An economic recession could also translate to lower price tags on homes, and you could face less competition from other buyers. For a homebuyer in good financial shape, these factors can result in big savings. The downside of buying during a recession is that lending requirements may be tighter, so your credit and financial health need to be in solid shape.

Focus on Your Priorities

Ultimately, the best time to buy a home is a personal decision and should be focused on what's most important to you. Is your priority to get into a new home as fast as possible? Then trying to time the market doesn't make sense, and you shouldn't fret about seasonality of the market.

If you're looking for the best deal and aren't in a rush, you may want to pay attention to timing and wait for the off-peak homebuying season in the fall and winter. If having the most inventory to choose from is most important, even if prices are a little higher, you're best off waiting for spring or summer.

Making Sure Your Credit Is Mortgage-Ready

When you apply for a mortgage, the lender requires significant amounts of documentation about your financial health, such as your income, debts and assets. They will also check your credit report, which not only helps determine your eligibility for a mortgage but, if you're approved, what your interest rate will be.

Going into the mortgage application process with a higher credit score can land you a lower interest rate and save you thousands of dollars over the life of the loan. That's why it's wise to spend at least a few months getting your credit ready for a mortgage before you apply. This includes ensuring you make all debt payments on time, pay down credit card balances and check your credit report to ensure all the information is accurate.

Get Preapproved First

Before you start viewing homes, it's recommended to get preapproved with a lender. This entails starting the application process, submitting all the required documentation and agreeing to a credit check. The lender will review everything and, if you're preapproved, you'll receive a letter stating how much you're preapproved to borrow and what your loan terms would be. This doesn't commit you to accepting any offers, and you can do this with multiple lenders to compare rates and terms.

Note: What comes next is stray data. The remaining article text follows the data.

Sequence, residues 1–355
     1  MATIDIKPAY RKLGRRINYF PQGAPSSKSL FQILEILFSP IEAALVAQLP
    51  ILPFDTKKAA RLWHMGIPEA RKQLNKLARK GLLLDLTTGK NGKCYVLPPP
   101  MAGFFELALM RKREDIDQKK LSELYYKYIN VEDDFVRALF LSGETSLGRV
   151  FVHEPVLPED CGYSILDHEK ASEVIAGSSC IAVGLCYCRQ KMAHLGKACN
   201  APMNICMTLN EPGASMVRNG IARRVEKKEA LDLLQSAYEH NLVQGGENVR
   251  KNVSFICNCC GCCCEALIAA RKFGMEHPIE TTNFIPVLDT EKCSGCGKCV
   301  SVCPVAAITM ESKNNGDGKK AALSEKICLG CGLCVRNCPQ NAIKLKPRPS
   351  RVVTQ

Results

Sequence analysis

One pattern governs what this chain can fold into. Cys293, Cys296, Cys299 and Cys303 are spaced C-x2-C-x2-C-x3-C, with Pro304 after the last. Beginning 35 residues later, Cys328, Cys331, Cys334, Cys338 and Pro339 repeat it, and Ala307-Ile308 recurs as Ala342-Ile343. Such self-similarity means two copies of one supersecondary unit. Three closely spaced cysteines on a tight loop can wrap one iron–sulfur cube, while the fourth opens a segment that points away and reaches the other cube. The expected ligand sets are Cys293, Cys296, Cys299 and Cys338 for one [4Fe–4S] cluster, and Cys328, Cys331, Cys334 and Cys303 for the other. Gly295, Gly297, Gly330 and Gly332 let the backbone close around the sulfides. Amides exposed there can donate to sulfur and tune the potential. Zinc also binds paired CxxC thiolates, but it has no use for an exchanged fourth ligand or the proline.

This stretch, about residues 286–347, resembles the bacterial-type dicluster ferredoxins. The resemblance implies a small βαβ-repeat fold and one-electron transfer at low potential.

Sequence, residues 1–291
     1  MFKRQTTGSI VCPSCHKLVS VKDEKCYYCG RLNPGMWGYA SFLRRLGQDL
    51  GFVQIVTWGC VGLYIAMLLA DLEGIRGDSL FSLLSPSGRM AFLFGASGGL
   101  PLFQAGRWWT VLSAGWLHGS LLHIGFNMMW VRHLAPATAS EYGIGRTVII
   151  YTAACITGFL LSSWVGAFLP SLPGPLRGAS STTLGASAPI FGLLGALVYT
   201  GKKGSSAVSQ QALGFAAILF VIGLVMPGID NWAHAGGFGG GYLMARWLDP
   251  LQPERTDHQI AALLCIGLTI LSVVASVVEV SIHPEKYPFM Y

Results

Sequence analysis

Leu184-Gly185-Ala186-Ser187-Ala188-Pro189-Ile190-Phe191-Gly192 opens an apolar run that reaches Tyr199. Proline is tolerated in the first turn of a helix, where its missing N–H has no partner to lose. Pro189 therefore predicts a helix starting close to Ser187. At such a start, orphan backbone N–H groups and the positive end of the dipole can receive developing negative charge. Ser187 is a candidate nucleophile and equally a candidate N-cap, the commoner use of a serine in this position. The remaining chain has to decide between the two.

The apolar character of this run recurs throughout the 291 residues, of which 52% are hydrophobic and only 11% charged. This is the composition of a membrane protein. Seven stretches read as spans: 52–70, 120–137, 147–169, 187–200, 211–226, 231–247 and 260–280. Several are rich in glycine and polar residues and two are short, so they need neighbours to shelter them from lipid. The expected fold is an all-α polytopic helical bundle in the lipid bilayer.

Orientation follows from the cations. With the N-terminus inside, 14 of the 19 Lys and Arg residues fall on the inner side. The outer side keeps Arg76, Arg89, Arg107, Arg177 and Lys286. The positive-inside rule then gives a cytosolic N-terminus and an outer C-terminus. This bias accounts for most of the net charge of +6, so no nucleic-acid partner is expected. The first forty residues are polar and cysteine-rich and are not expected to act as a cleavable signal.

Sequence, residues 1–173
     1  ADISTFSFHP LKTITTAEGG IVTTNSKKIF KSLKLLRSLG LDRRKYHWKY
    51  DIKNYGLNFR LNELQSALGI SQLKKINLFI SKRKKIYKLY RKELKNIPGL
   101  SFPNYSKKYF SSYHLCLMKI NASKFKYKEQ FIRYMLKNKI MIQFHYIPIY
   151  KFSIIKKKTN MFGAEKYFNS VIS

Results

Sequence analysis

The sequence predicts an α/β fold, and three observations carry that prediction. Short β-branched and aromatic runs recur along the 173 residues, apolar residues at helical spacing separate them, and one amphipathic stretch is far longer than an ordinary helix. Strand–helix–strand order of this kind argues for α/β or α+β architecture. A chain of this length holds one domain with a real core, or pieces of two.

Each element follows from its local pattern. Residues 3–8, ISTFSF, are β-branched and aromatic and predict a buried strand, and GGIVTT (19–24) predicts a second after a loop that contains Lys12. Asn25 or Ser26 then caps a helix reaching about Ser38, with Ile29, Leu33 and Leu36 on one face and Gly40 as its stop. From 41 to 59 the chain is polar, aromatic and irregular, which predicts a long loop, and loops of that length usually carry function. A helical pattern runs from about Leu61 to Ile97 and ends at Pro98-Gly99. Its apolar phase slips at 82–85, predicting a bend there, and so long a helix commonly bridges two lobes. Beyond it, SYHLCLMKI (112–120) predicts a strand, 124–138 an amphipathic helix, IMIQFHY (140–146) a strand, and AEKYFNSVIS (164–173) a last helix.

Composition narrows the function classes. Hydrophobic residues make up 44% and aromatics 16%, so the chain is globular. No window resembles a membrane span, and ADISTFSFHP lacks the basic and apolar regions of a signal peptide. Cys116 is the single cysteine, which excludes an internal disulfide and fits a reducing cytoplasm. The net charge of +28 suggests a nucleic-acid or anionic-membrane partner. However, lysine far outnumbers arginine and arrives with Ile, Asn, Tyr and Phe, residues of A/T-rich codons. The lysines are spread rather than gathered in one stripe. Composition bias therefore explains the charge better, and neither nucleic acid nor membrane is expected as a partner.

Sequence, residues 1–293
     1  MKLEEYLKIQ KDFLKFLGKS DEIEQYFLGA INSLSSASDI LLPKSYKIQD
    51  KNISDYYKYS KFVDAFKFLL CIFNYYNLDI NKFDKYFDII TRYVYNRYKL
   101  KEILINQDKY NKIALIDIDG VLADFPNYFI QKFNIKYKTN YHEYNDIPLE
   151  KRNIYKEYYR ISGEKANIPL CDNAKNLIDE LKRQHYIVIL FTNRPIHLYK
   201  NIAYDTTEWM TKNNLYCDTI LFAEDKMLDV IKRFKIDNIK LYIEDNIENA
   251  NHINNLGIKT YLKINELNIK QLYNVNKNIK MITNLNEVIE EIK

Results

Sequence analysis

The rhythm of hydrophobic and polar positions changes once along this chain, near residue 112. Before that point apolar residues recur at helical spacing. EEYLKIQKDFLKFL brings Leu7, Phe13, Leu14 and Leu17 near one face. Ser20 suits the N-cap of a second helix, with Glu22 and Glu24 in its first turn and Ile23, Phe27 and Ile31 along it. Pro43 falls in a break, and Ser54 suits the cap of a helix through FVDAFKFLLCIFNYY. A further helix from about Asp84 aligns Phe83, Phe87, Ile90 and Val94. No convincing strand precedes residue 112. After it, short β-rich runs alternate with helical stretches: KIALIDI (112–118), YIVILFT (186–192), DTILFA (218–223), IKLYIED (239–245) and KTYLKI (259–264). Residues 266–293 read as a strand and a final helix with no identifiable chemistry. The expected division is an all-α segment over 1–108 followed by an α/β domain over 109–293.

One benefit of preapproval is that it helps you understand how much home you can afford, so you know what price range of properties are within your budget.

It also indicates to the seller that you're a serious buyer who has already been screened by a lender. If you're in a competitive market or season, and multiple buyers submit offers, those with preapproval letters may be favored since they've already taken this important first step.

This is different from getting prequalified, which is less rigorous and typically doesn't require a credit check. Instead, you submit some basic information and get an estimate of how much you could potentially borrow. Prequalification is better than nothing, but getting preapproved is preferable since it gives you a more accurate budget and can help you close a deal faster.

Get Familiar With Your Credit Now

Not sure where your credit currently stands? Before you begin the process of applying for a mortgage or shopping for a home, we recommend checking your credit and keeping an eye on it for at least a few months. It's free to monitor your credit with Experian, which enables you to track changes in your score and learn how to improve it. While this can take a little extra effort, it can help improve your chances of getting approved for a mortgage, and at a competitive rate that translates into significant savings in the long run.